‘Listening to Truth Telling’: First Nations stories highlighted

In celebration of NAIDOC week, we shine a light on the voices of Australia’s eminent and emerging First Nations writers who will share and amplify their stories at the Festival site on Arakwal country, where stories have been told for thousands of years.


Friday guests include (clockwise from top left): Delta Kay, Archie Roach, Julie Janson, Jazz Money, Veronica Heritage-Gorrie and Daniel Browning.

The Festival kicks off with the always memorable Welcome to Country with Delta Kay and the Bunyarra Dancers on the Festival grounds.

Friday’s program will feature national treasure and ARIA Hall of Fame Inductee Archie Roach in conversation with Daniel Browning to share his life-story as told in his memoir Tell Me Why – an unforgettable story of love and heartbreak, family and community, survival and renewal – and music.

Burruberongal novelist, playwright and poet Julie Janson will be joined by Bundjalung author Professor Judy Atkinson and Aminata Conteh-Biger on the panel ‘Strong: Racism and Reslience’.

Gunaikurnai writer Veronica Heritage-Gorrie, will discuss her debut memoir, Black and Blue that shares her story of working as a police officer and fighter for justice both within and beyond the Australian police force.


Saturday guests include (clockwise from top left):Judy Atkinson, Tony Birch, Fiona Foley, Mia Thom, Melissa Lucashenko and Evelyn Araluen.

Professor Judy Atkinson will deliver the Festival’s annual Thea Astley Keynote Address entitled ‘Listening to Truth Telling’. Atkinson’s ground-breaking book Trauma Trails, Recreating Song Lines: The Transgenerational Effects of Trauma in Indigenous Australia offered a pathway to healing through the listening and telling of stories.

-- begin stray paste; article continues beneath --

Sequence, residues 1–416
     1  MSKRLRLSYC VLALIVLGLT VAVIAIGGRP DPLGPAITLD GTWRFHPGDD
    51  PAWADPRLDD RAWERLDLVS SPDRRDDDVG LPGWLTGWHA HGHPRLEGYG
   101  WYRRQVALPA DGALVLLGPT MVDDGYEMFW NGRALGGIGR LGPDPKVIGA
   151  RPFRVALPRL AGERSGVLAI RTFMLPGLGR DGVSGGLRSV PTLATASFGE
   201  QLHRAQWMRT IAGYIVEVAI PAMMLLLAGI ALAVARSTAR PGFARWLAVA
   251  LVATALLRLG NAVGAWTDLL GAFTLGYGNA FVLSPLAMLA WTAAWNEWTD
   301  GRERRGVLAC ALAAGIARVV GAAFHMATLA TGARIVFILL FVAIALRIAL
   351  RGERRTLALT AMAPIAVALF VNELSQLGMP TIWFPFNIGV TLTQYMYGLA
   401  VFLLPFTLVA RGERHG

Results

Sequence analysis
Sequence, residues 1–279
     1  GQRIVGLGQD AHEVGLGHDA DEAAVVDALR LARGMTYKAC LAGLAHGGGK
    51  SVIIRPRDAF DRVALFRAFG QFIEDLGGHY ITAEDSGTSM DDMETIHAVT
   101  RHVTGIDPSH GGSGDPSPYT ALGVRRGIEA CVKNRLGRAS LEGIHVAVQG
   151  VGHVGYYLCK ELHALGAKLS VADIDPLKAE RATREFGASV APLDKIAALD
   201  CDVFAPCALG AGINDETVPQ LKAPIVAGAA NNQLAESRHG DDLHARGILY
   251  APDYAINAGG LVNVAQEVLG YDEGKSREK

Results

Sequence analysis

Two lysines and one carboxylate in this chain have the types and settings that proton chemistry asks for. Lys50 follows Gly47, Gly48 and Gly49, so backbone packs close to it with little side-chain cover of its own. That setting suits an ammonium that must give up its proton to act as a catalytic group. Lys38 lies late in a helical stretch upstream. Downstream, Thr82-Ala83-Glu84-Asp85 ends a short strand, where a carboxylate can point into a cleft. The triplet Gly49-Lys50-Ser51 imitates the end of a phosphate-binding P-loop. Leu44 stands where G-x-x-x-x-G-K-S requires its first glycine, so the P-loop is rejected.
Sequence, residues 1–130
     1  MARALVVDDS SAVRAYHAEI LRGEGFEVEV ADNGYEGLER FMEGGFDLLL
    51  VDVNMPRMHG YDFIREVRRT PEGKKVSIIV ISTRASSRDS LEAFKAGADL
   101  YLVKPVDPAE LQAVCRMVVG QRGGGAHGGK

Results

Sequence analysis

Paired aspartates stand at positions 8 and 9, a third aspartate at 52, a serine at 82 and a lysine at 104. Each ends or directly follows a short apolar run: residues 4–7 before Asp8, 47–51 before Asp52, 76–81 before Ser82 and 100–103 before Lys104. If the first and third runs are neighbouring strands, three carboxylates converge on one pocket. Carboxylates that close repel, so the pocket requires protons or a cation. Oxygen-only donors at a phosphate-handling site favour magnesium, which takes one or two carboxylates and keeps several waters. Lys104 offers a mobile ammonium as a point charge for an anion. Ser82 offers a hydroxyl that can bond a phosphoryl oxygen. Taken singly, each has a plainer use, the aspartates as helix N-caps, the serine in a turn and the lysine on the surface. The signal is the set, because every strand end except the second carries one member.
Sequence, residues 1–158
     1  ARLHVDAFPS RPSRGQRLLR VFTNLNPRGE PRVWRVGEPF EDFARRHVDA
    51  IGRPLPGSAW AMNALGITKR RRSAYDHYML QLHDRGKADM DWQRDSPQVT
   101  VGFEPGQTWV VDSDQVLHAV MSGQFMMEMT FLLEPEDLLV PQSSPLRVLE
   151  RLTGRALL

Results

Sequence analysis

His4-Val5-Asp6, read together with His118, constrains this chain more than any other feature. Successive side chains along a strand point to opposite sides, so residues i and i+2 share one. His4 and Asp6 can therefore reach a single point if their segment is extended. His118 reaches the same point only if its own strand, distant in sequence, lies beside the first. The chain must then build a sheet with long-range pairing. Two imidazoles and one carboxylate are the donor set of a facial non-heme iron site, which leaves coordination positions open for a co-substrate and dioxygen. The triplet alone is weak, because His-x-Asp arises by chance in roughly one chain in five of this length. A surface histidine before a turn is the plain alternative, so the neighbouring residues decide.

Award-winning author, poet, historian and activist Tony Birch features as one of the Festival’s first Guest Curators. Birch’s sessions include ‘Get Ready for a Blak-Out: First Nations Creative Practice’ featuring ABC Radio National’s Awaye! Presenter Daniel Browning, 2020 NSW Aboriginal Woman of the Year Kirli Saunders and celebrated visual artist and academic Fiona Foley, as well as the poetry panel ‘Weaving Words for Country: Poetry for a Story of Place’ with Goorie-Koori woman Evelyn Araluen, Wiradjuri woman Jazz Money and Māori-Australian Anne-Marie Te Whiu.

Acclaimed Goorie novelist, Melissa Lucashenko will add insight to the theme ‘stories that heal’ on Saturday’s panel, ‘The Power of Words’.

Young Bundjalung climate activist Mia Thom will present a powerful and hopeful view on the panel ‘I Want to Change the World.’


Sunday guests include (clockwise from top left): Marcia Langton, Victor Steffensen, Rhoda Roberts, Grace Lucas-Pennington, Kirli Saunders and Mitch King.

Author of the best-selling guide to Indigenous Australia, Welcome to Country, Professor Marcia Langton will explore the Festival’s overarching theme of ‘stories that heal, connect and create change’ on Festival Sunday; first in conversation with Erik Jensen, then on the illuminating panel ‘Trailblazers: Women Who Have Made a Difference’ with Eva Cox.

Environmental consultant Victor Steffensen is co-founder of the National Indigenous Fire Workshops and his recent book, Fire Country, explores how Indigenous fire management could help save Australia. Steffensen will appear throughout the Festival, and features on Sunday’s panel ‘Small Green Shoots; Nature and Healing’.

Bundjalung Yaegl hip-hop artist and writer Mitch King will join NORPA’s Creative Director Rhoda Roberts and Artistic Director Julian Louis to discuss the creation of their recent theatre work Flow in collaboration with Yaegl elders.

For children, Gunai woman and award-winning children’s author, poet, teacher and artist, Kirli Saunders will discuss her works during Sunday morning’s Kids Big Day Out including The Incredible Freedom Machines, Bindi and Kindred.



Byron Writers Festival